• A personal note on IGBP and the social sciences

    Humans are an integral component of the Earth system as conceptualised by IGBP. João Morais recalls key milestones in IGBP’s engagement with the social sciences and offers some words of advice for Future Earth.
  • IGBP and Earth observation:
    a co-evolution

    The iconic images of Earth beamed back by the earliest spacecraft helped to galvanise interest in our planet’s environment. The subsequent evolution and development of satellites for Earth observation has been intricately linked with that of IGBP and other global-change research programmes, write Jack Kaye and Cat Downy .

Particulate iron dynamics during FeCycle in subantarctic waters souteast of New Zealand

Global Biogeochemical Cycles (2006)
Frew R D, Hutchins D A, Nodder S, Sanudo-Wilhelmy S, Tovar-Sanchez A, Leblanc K, Hare C E and Boyd P W

Doi: 10.1029/2005GB002558
Vol 20; Issue 1, GB1S93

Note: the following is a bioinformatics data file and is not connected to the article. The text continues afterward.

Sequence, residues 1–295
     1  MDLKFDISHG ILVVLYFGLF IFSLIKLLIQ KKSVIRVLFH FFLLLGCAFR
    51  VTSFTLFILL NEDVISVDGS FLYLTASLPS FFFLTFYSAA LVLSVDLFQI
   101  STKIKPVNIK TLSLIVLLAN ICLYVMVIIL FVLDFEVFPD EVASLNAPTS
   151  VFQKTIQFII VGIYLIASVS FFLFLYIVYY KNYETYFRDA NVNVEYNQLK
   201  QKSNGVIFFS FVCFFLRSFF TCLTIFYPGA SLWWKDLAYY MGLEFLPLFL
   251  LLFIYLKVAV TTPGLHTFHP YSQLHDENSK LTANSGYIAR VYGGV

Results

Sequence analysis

The FeCycle experiment provided an SF6 labeled mesoscale patch of high-nitrate low-chlorophyll (HNLC) water in austral summer 2003. These labeled waters enabled a comparison of the inventory of particulate iron (PFe) in the 45-m-deep surface mixed layer with the concurrent downward export flux of PFe at depths of 80 and 120 m. The partitioning of PFe between four size fractions (0.2–2, 2–5, 5–20, and >20 μm) was assessed, and PFe was mainly found in the >20-μm size fraction throughout FeCycle. Estimates of the relative contribution of the biogenic and lithogenic components to PFe were based on an Al:Fe molar ratio (0.18) derived following analysis of dust/soil from the nearest source of aerosol Fe: the semi-arid regions of Australia. The lithogenic component dominated each of the four PFe size fractions, with medians ranging from 68 to 97% of PFe during the 10-day experiment. The Fe:C ratios for mixed-layer particles were ∼40 μmol/mol. PFe export was ∼300 nmol m−2 d−1 at 80 m depth representing a daily loss of ∼1% from the mixed-layer PFe inventory. There were pronounced increases in the Fe:C particulate ratios with depth, with a five-fold increase from the surface mixed layer to 80 m depth, consistent with scavenging of the remineralized Fe by sinking particles and concurrent solubilization and loss of particulate organic carbon. Significantly, the lithogenic fraction of the sinking PFe intercepted at both 80 m and 120 m was >40%; that is, there was an approximately twofold decrease in the proportion of lithogenic iron exported relative to that in the mixed-layer lithogenic iron inventory. This indicates that the transformation of lithogenic to biogenic PFe takes place in the mixed layer, prior to particles settling to depth. Moreover, the magnitude of lithogenic Fe supply from dust deposition into the waters southeast of New Zealand is comparable to that of the export of PFe from the mixed layer, suggesting that a large proportion of the deposited dust eventually exits the surface mixed layer as biogenic PFe in this HNLC region.

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